Why are Americans governed by the rich? Millionaires make up only three percent of the public but control all three branches of the federal government. How did this happen? What stops lower-income and working-class Americans from becoming politicians? The first book to answer these urgent questions, The Cash Ceiling provides a compelling and comprehensive account of why so few working-class people hold office—and what reformers can do about it.
Using extensive data on candidates, politicians, party leaders, and voters, Nicholas Carnes debunks popular misconceptions (like the idea that workers are unelectable or unqualified to govern), identifies the factors that keep lower-class Americans off the ballot and out of political institutions, and evaluates a variety of reform proposals.
In the United States, Carnes shows, elections have a built-in “cash ceiling,” a series of structural barriers that make it almost impossible for the working-class to run for public office. Elections take a serious toll on candidates, many working-class Americans simply can’t shoulder the practical burdens, and civic and political leaders often pass them over in favor of white-collar candidates. But these obstacles aren’t inevitable. Pilot programs to recruit, train, and support working-class candidates have the potential to increase the economic diversity of our governing institutions and ultimately amplify the voices of ordinary citizens.
Who runs for office goes to the heart of whether we will have a democracy that is representative or not. The Cash Ceiling shows that the best hope for combating the oversized political influence of the rich might simply be to help more working-class Americans become politicians.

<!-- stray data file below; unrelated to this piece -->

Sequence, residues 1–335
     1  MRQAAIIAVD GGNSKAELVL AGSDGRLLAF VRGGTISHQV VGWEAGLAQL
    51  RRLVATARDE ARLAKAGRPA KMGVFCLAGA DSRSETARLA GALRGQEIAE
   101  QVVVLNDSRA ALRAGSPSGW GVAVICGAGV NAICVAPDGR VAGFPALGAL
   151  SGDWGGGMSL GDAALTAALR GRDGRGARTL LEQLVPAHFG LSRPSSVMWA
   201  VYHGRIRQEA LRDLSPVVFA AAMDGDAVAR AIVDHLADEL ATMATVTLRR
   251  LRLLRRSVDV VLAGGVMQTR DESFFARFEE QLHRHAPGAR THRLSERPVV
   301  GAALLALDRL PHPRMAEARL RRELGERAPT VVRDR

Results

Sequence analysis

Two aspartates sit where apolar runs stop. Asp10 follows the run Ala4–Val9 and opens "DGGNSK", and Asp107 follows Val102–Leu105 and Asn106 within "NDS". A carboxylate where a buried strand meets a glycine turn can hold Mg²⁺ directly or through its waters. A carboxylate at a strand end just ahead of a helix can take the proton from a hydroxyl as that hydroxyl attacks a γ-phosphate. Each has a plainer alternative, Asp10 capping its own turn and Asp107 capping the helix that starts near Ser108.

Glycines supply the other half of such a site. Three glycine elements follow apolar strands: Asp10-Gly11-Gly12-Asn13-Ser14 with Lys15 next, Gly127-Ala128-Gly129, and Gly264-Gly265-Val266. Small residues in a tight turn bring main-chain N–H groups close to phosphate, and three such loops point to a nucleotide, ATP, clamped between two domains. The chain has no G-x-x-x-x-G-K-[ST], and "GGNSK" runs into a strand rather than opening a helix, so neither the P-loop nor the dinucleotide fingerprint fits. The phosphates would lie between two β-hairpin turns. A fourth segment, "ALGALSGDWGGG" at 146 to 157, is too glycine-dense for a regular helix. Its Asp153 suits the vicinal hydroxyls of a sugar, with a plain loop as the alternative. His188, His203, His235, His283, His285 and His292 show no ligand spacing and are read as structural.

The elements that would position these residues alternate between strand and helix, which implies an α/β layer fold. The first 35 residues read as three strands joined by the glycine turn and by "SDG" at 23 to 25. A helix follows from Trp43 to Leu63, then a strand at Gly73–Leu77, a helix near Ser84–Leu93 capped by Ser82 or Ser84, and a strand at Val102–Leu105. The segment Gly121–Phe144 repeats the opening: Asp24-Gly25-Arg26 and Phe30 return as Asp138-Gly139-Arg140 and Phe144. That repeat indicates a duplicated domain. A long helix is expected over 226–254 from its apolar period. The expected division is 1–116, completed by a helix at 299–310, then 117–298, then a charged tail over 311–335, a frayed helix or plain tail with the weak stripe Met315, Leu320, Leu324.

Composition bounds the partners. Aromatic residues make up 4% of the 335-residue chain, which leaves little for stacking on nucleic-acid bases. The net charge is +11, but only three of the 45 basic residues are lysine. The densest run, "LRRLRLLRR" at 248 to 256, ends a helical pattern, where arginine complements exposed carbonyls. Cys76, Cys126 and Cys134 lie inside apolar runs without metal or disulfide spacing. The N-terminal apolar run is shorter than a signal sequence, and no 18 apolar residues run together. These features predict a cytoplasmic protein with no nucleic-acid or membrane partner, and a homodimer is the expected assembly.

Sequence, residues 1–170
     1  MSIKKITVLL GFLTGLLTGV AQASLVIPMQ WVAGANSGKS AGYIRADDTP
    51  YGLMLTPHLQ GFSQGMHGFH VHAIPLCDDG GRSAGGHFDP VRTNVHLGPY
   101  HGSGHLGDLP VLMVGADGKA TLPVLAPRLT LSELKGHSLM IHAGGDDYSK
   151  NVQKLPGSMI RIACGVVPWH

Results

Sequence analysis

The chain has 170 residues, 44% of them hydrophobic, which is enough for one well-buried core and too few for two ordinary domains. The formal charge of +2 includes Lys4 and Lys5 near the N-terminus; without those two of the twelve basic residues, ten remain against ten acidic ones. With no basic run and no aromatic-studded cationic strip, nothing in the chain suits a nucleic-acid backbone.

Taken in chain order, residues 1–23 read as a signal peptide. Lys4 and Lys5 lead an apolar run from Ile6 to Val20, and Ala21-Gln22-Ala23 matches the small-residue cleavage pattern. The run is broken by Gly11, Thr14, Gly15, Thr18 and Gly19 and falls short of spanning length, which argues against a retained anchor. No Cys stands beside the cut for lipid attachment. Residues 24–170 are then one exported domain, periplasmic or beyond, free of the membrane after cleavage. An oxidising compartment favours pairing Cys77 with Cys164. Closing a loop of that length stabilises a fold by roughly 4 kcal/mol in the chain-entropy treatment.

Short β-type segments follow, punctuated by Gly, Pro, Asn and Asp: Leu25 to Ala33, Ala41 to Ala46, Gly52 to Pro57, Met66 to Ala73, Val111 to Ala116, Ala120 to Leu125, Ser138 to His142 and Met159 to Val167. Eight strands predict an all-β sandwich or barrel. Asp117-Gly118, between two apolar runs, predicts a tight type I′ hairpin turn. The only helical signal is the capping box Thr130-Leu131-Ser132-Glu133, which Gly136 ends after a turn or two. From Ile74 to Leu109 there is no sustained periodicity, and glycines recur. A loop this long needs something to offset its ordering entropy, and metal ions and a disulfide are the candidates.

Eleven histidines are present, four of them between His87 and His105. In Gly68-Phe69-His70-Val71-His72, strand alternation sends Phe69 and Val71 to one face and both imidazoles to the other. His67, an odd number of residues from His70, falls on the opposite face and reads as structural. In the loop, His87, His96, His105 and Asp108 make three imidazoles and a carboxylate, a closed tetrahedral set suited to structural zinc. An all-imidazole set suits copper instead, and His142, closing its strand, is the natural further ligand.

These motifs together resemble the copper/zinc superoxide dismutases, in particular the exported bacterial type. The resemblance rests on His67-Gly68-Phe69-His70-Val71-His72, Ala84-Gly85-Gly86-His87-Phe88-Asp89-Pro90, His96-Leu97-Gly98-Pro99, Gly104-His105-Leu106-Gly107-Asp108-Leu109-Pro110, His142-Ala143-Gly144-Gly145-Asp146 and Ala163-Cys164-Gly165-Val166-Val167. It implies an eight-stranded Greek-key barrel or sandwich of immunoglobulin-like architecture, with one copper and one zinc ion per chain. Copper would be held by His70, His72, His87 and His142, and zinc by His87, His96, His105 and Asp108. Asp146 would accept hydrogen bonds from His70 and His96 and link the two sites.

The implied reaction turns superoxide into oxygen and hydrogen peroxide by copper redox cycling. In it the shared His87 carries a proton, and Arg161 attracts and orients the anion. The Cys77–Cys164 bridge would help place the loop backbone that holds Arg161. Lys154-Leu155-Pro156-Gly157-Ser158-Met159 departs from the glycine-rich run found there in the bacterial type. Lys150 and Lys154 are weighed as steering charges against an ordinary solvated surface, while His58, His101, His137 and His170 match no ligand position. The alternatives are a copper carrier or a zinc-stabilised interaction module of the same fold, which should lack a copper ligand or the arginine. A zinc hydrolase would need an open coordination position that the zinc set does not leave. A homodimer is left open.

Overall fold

As a boy, Delaney learned the importance of working hard, telling the truth and embracing compromise. As an entrepreneur, he succeeded because he understood the need to ensure opportunity for all, focus on the future, and think creatively about problem-solving. In these pages, he illustrates the potency of these principles with vivid stories from his childhood, his career in business, his family, and his new life as a politician. He also writes candidly about the often frustrating experience of working on Capitol Hill, where many of his colleagues care more about scoring political points than improving the lives of their fellow Americans. With a clear eye and an open heart, he explains that only by seeing both sides of anargument and releasing our inner entrepreneur can we get back to constructive, enlightened governing.
Seventy years ago, John F. Kennedy appealed to our best instincts when he said, “Let us not seek the Republican answer or the Democratic answer but the right answer.” In this inspiring book, John K. Delaney asks all of us to cast aside destructive, partisan thinking and join him in an urgent endeavor: working together to forge a new era of American greatness.